I have no idea what I’m going to do when she gets here.  I mean, do I cancel my electrolysis appointments? Because my face is noticeably red, and that means she’ll ask questions, and that means jarring her into the reality of the pace this is progressing. Do I lock my closet? Throw everything into bins? My gut reaction is to just pack it all away, hide myself in the closet, be the son for two weeks. But that’s going to be hard, psychologically.

Eventually, I got off the phone. I was feeling depressed, but I was determined to carry on with my day.

ii. The Flash

I do my weekly grocery shopping presenting female, and I have for a couple of months. I don’t dress up to shop. I just dress. Jeans, a button-up shirt, some jewelry, a wig, minimal makeup — there’s no reason to go overboard. I don’t want to present myself. I want to blend in.

I’m well aware of how I look when I dress, how much I don’t pass as female. And while I am pretty sure that I have encountered the odd stare now and again, I keep myself to myself in the store and no one’s actually said or done anything rude to me while I’ve been out.

At least, they hadn’t before today.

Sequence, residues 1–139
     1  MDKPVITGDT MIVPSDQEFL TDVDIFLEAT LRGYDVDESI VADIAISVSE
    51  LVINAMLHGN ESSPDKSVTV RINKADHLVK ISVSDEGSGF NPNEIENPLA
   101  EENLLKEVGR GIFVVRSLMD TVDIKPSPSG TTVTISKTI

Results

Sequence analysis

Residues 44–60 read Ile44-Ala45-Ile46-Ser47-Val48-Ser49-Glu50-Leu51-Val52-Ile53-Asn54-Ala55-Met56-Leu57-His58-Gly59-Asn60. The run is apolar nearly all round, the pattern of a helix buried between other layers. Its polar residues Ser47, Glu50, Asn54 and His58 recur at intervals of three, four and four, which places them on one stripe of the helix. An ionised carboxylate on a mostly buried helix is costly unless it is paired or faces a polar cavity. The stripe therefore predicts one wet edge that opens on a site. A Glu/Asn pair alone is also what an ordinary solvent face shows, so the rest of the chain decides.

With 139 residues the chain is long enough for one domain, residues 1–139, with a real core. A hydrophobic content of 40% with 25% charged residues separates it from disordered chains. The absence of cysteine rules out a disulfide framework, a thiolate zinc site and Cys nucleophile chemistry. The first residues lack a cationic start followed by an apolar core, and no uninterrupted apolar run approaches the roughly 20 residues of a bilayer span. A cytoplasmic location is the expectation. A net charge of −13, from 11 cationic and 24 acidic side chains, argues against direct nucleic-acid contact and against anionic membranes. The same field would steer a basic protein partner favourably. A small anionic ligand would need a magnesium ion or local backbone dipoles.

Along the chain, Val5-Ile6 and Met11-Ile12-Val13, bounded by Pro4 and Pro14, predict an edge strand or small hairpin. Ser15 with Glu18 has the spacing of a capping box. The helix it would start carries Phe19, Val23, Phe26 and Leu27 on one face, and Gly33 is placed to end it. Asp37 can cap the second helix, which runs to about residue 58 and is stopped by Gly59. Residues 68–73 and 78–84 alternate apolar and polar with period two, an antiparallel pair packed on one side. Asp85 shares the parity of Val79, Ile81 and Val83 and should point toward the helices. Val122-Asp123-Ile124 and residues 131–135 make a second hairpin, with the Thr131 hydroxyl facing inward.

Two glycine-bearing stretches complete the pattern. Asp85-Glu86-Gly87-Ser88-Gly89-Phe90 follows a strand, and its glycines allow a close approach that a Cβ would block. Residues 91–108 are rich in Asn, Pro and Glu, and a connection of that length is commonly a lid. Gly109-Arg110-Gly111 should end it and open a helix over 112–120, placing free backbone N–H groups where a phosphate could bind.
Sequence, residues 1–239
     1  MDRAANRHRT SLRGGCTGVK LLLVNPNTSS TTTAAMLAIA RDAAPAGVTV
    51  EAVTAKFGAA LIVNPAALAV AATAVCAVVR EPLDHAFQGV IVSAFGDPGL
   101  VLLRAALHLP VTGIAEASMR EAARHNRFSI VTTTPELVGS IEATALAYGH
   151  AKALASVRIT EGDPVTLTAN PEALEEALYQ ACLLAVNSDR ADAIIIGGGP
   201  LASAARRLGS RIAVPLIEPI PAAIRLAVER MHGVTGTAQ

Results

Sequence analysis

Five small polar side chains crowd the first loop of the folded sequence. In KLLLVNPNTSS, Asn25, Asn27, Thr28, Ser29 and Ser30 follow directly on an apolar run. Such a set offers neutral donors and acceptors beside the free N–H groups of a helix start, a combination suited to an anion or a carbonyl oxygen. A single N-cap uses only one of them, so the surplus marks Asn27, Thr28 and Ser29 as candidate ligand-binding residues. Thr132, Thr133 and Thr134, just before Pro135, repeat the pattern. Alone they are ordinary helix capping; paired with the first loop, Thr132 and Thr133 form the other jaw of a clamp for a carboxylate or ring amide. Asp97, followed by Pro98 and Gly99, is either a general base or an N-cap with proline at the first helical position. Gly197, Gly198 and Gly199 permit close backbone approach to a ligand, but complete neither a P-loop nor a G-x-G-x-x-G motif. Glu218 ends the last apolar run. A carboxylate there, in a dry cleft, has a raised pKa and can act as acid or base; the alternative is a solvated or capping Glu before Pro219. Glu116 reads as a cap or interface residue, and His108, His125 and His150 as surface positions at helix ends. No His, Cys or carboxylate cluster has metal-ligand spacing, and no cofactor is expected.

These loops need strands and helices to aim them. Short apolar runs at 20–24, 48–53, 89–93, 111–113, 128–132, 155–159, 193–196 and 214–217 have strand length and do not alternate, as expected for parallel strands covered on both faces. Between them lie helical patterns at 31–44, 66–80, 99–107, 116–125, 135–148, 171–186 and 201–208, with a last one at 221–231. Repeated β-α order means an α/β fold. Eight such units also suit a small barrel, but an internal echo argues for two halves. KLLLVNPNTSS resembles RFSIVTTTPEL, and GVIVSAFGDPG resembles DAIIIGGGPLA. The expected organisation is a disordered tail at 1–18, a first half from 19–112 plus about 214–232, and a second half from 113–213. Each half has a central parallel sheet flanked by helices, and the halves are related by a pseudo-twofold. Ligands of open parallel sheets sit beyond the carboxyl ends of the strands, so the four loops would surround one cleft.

I was standing in front of the salad greens, bagging some kale, when on the other side of the case (it’s a freestanding display, not against a wall), there was a flash of light. I looked up, only to see two teenage girls walking swiftly past, their heads fixed forward in that “Don’t make eye contact, act nonchalant, pretend like nothing happened” way. One of the girls is holding her cellphone at about stomach level, pointed such that, a moment previous, it was almost certainly pointed at me. Either she’d forgotten to turn off the flash, or she didn’t care that I’d notice. Either way, they disappeared around a corner, never looking back.

I’m not an idiot. I know about websites like People of Walmart, not to mention the sorts of things that get passed around Twitter and Facebook. If these girls had snapped a pic — and I was almost certain they had — I knew what the purpose was. The Internet thrives on making fun of odd people.

My immediate reaction was to pretend nothing had happened. After all, making a scene would just call more attention to myself. But that didn’t stop a panicked fight-or-flight response from kicking in. I finished bagging the kale with shaky hands, and decided that I just wanted to get the Hell out of the store right now.

iii. The Crisis